Robespierre (disambiguation)

Maximilien Robespierre (1758–1794) was one of the leaders of the French Revolution.

Robespierre may also refer to:

Augustin Robespierre (1763–1794), brother of Maximilien

Gillian Robespierre (born 1978), American film director and writer

Robespierre (Paris Métro), station in the suburb of Montreuil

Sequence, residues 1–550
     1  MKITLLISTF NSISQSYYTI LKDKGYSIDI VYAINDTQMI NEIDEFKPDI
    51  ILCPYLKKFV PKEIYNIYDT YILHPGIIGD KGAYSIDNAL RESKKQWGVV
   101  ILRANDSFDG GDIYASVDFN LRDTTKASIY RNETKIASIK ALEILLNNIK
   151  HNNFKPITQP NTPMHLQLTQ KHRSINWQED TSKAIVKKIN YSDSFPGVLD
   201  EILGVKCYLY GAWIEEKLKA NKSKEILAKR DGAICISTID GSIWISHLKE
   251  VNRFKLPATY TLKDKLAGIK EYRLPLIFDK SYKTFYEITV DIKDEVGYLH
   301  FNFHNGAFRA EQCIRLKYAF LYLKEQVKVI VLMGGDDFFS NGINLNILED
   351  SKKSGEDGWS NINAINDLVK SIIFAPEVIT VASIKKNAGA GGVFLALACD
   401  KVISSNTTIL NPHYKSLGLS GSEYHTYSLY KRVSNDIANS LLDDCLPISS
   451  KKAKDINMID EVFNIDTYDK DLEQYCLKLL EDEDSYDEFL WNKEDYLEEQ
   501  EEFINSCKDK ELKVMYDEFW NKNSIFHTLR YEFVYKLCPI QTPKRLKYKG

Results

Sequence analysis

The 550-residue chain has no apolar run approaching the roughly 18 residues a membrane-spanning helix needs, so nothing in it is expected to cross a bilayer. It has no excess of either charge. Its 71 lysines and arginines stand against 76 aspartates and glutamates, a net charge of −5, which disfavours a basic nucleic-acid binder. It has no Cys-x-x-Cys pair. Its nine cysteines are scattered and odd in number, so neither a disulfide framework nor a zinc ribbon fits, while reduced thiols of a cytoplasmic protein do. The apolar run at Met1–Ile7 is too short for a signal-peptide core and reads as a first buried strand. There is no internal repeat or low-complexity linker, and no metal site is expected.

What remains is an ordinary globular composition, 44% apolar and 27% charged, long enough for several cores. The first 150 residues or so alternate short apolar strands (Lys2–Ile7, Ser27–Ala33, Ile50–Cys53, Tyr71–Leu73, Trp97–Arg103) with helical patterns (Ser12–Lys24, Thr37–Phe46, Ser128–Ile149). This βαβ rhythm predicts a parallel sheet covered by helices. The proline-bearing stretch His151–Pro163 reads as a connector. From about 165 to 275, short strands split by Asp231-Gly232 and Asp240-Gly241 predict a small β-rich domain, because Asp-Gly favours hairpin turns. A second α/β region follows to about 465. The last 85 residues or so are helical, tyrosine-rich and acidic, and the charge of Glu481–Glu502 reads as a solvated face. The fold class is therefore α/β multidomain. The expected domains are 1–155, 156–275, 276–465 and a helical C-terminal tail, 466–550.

Robespierre Monument, monument to Robespierre in Moscow, erected shortly after the Russian Revolution

Team Robespierre, American band

Siege of Toulon

The Siege of Toulon (29 August – 19 December 1793) was a military operation by Republican forces against a Royalist rebellion in the southern French city of Toulon.

The Mountain

The Mountain (French: La Montagne) was a political group during the French Revolution, whose members called the Montagnards (French: [mɔ̃taɲaʁ]) sat on the highest benches in the National Assembly.